Squid package

This is a package used for caching web content, and this requires extensive use of a hard disk with a large amount of storage. It is not for use with an embedded installation where writes to the compact flash card are kept to a minimum.

Snort package

This is a packet sniffer/intrusion prevention and detection system (IPS/IDS). A minimum of 512 MB RAM is required.

NTop package

This is a network traffic reporting tool. A minimum of 512 MB of RAM is required.


Now, we need to determine our requirements:

  • Our small business rarely has more than a dozen users on the LAN, but all the PCs in the department have GB Ethernet NICs, and the switches are all Gigabit or faster. The internet connection is only about 100 Mbps, so our network hardware is actually much faster than what we need for using the internet. Nevertheless, Gigabit Ethernet ensures that we get fast, reliable transfer times when accessing resources over the local network.
  • We want to provide VPN access for remote employees, but we do not anticipate more than a few VPN users at any given time.
  • We have also decided that we want to install Ntop to diagnose network traffic problems.
  • Finally, since we are saving money by using pfSense, we have decided to reinvest some of the savings into added redundancy. To this end, we will implement a CARP failover group on our network.

At this point, we have identified our minimum requirements as:

  • 1 Gbps network hardware (cables and switches)
  • Unencrypted throughput of 100 Mbps (bound by speed of Internet connection)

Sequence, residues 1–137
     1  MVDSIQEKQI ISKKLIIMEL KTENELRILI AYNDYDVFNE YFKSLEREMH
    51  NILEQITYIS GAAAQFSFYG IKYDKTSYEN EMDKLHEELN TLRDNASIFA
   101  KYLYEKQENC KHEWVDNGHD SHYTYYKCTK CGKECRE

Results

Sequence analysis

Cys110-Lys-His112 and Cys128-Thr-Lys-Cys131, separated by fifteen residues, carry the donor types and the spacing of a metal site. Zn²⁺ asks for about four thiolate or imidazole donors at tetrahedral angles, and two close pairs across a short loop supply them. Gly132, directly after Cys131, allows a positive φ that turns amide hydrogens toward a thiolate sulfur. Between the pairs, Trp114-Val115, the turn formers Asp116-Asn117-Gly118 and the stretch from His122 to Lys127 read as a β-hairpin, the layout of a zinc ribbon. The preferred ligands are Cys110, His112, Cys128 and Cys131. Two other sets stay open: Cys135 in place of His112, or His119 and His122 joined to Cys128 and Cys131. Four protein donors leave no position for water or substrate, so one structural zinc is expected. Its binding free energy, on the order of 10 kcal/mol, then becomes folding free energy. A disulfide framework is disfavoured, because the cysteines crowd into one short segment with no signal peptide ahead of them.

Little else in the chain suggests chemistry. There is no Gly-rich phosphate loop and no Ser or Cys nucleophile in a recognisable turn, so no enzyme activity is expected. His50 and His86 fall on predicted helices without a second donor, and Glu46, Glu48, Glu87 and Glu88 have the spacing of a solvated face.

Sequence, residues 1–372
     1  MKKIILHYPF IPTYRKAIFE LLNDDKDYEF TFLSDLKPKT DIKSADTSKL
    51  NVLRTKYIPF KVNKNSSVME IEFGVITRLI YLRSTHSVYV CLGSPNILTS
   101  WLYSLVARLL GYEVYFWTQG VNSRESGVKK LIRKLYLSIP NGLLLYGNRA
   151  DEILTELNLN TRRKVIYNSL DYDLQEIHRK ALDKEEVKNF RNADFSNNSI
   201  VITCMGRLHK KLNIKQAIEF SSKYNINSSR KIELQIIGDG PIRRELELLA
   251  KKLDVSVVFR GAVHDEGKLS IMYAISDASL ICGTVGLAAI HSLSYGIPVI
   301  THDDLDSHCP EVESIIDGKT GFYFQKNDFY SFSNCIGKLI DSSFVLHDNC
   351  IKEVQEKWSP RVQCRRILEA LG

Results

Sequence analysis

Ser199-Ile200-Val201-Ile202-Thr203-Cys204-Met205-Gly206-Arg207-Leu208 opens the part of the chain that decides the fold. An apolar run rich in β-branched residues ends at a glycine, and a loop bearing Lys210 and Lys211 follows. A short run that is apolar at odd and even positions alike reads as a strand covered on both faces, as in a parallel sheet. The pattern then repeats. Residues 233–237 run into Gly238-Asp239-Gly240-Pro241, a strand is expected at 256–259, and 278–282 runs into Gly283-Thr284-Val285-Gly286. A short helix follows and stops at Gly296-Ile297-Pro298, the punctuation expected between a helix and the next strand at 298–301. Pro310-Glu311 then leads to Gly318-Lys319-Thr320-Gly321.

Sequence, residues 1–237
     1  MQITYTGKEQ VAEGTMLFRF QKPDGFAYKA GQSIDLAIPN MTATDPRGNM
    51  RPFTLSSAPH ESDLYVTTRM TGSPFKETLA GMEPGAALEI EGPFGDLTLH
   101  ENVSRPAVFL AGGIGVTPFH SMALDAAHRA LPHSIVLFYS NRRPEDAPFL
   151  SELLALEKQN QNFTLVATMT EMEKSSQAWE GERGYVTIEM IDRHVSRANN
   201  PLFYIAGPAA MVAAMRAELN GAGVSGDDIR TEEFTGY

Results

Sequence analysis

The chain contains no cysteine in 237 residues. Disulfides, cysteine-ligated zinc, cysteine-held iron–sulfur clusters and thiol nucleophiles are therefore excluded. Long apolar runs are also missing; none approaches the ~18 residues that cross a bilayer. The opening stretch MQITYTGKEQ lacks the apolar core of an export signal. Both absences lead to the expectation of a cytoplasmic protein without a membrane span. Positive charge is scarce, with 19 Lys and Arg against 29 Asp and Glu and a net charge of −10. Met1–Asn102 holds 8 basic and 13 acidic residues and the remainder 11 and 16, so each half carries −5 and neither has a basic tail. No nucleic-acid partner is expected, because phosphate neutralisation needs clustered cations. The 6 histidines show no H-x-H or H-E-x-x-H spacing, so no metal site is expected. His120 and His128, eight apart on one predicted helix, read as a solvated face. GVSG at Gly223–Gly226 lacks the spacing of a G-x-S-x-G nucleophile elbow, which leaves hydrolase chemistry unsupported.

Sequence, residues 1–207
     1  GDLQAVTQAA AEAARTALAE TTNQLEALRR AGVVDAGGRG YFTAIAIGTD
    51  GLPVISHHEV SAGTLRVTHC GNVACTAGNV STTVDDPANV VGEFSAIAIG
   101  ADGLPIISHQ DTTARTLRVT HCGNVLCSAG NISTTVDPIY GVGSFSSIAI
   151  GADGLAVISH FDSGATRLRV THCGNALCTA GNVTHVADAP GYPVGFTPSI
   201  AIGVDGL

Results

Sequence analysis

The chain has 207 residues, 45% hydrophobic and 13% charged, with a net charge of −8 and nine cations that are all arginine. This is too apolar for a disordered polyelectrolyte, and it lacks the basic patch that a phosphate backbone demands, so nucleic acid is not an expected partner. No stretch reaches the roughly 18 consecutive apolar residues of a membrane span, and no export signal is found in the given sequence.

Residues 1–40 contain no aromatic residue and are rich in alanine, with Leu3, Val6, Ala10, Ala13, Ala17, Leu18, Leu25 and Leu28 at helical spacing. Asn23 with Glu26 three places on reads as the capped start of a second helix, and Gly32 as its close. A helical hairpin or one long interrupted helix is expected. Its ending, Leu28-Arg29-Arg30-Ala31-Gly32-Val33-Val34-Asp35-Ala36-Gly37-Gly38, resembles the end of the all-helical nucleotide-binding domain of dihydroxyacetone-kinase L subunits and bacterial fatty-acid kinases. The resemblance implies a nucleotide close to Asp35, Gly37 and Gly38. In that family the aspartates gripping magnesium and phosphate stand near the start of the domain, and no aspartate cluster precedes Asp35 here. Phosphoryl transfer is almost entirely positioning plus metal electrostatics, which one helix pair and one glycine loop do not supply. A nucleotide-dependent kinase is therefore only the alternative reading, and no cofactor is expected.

• Encrypted throughput (VPN) of 20 Mbps
  • 1 GHz CPU, 1 GB RAM
  • A second, identical machine to be used as a failover.

Throughput is the amount of data that can be processed at any given time. For example, we might have a 100 Mbps broadband connection, but if the WAN interface on our firewall can only handle 10 Mbps, that's all we're going to get. Conversely, if we have a Gigabit Ethernet adapter for the WAN interface, but we still only have a 100 Mbps broadband connection, now our internet connection has become the bottleneck.    

Firewall throughput is only a factor for traffic passing through the firewall. Internet traffic meets this requirement (LAN <| WAN), as would any traffic between our own networks (LAN <| DMZ). However, traffic between two computers on the same network (for example, the LAN) will not be processed by the firewall and, therefore, the firewall will not be a bottleneck in that scenario.


You should remember that certain firewall features have their own hardware requirements. For example, VPN connections require additional processing power and the Squid web caching package is not suitable for an embedded compact flash disk installation.

With the release of pfSense 2.4, many obsolete packages have been removed from the Package Manager and many new packages are now available. To view available packages, navigate to System | Package Manager | Available Packages.

Read more about the minimum hardware requirements here: